On Sunday, March 1, 2009, I celebrated my 60th birthday. Actually, let me rephrase that: I commemorated my 60th birthday. Although I’m thrilled to still be alive and in reasonably good health, I take no joy in having aged six decades.
My, oh my, where did all the years go? It seems like yesterday that family, friends and co-workers were presenting me with over-the-hill gag gifts and “Happy 50th Birthday” cards and balloons.
On Saturday, Feb. 28, the night before my 60th birthday, my wife Sherry and I attended the Scott County Cattlemen’s Association Banquet at the Mississippi Valley Fairgrounds. We enjoyed the fine meal, listened to an interesting guest speaker, Trent Loos, and sat most of the way through a fund-raising auction of items cattlemen use in their work.
I sort of wanted to hang around until the end to socialize with folks. But Sherry seemed uncharacteristically anxious to leave during the auction. So we did.
“I didn’t think you needed to stick around and bid on ear tags,” she said on our way home, jokingly trying to explain her reason for wanting to leave.
We’d left a front room light on at our house, but other than that, the place was dark. When we arrived home, I needed to use the bathroom. So I walked into the kitchen, turned on the light and headed down an adjacent hallway that leads to a half-bath and the dining room.
As I was nearing my destination, out of the corner of my eye I saw a figure appear in the darkness of the dining room. I froze and my heart, I’m sure, skipped a beat. Was this a burglar, a very bold burglar?
Before I could move, a voice said, “Wanna go out for a drink, old man?”
I immediately recognized the voice as that of our number-two son, Clint, as he stepped from the shadows into the light. He had pulled off a big birthday surprise.
With only my wife’s and his friend Joe Golinghorst’s knowledge, Clint had flown to the Quad-Cities from his home in Minneapolis at 5 p.m.
Joe had picked him up at the airport and they visited until Sherry and I had left for the banquet. Then Joe delivered Clint to our house, where he entered through a door my wife had left unlocked for him. Then he waited in the darkness to surprise me.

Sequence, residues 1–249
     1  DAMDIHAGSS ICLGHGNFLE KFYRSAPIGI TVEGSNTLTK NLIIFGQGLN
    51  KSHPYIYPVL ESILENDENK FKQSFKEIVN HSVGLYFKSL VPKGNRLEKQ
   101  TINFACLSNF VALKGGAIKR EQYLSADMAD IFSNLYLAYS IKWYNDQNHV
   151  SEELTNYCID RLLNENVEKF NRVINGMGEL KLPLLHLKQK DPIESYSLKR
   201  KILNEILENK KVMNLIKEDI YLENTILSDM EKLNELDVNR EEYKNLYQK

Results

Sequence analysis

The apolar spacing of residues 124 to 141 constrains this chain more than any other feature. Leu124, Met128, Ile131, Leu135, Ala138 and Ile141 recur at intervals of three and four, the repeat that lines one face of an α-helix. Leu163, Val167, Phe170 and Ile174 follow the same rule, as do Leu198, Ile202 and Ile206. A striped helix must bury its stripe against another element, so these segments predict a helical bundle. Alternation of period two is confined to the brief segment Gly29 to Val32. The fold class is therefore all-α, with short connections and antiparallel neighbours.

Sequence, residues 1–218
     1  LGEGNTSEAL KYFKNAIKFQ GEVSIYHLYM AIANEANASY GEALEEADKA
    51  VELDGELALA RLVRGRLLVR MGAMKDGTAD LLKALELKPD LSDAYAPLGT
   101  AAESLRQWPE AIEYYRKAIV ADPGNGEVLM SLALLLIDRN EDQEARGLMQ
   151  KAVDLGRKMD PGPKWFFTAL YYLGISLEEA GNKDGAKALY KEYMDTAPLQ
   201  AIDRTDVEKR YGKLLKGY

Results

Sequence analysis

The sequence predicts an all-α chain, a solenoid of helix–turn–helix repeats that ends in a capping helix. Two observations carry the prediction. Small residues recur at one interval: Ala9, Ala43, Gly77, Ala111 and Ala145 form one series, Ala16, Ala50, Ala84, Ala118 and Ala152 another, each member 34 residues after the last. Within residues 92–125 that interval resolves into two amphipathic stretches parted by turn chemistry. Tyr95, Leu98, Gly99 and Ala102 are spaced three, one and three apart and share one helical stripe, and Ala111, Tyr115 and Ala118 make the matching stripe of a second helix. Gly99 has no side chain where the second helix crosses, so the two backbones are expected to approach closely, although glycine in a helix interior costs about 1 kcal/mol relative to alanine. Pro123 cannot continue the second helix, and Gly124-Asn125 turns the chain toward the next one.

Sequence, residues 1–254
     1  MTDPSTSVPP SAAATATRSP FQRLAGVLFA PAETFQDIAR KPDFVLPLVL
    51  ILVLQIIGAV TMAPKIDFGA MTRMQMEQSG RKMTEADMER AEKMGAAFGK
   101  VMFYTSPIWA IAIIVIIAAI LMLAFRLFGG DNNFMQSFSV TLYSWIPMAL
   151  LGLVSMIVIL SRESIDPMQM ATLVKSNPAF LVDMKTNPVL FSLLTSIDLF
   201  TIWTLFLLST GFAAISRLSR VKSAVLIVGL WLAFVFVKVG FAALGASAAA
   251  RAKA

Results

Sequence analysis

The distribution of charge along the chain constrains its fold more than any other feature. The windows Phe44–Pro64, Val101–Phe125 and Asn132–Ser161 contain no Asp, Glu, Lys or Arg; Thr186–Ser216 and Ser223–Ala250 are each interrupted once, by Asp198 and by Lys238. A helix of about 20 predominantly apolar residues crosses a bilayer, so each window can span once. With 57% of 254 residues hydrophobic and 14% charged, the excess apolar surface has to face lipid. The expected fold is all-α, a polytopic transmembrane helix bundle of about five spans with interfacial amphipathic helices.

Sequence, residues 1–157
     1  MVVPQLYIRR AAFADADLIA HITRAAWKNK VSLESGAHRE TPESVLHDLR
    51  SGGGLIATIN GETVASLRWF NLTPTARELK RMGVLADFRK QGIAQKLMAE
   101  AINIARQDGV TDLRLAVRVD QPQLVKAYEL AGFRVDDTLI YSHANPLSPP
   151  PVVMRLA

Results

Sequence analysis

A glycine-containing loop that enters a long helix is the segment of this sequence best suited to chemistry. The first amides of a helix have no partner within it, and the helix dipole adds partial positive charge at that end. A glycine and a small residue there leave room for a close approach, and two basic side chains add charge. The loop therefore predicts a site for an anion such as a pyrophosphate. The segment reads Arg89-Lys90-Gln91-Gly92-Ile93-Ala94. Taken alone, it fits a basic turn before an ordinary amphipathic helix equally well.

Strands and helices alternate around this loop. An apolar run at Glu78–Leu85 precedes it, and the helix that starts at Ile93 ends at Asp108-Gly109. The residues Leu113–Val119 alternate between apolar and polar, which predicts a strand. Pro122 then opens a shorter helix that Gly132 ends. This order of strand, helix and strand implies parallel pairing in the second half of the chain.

I’ve often told family members I’m not fond of surprises. But that only holds true for bad surprises. Surprises like the time my teen driver son, who had been behind the wheel of one of my cars, called to say, “Dad, I had a little wreck today in the high school parking lot.”
Or the times my daughter, when she was in high school, tried out new recipes on the family at dinner — things like salmon loaf and peanut butter burgers — then got angry with my sons and I when we didn’t clean our plates.
And there was that bad surprise I received that morning in 1971 when I looked down the basement steps at our first house in Davenport following a night of heavy rain and saw possessions floating by in the more than a foot of water from a backed-up sewer. It’s surprises like that that I’m not fond of.
But this surprise — a visit from a son who lives out of town — while shocking, was certainly a pleasant one, and one I will never forget. Clint felt compelled to visit, he said, not only because I’d hit the big 6-0 but because we share the same birthday. He was born March 1, 1978.
On our actual birthdays, Sunday, March 1, daughter Andrea and her kids from Wilton joined Sherry, Clint and myself for dinner at a restaurant; then we had cake and ice cream at home.
Son Brendan and his boys, who live in the St. Louis area, called to shout “Happy Birthday!” in unison on the phone. And I got a happy birthday text message from son Dane and his wife Casey, who live in Minneapolis but were vacationing at the time in Hawaii.
All in all it was a great celebration — uh, I mean commemoration — of my 60 years on earth.
Copyright 2009 by Phil Roberts, Creative Enterprises.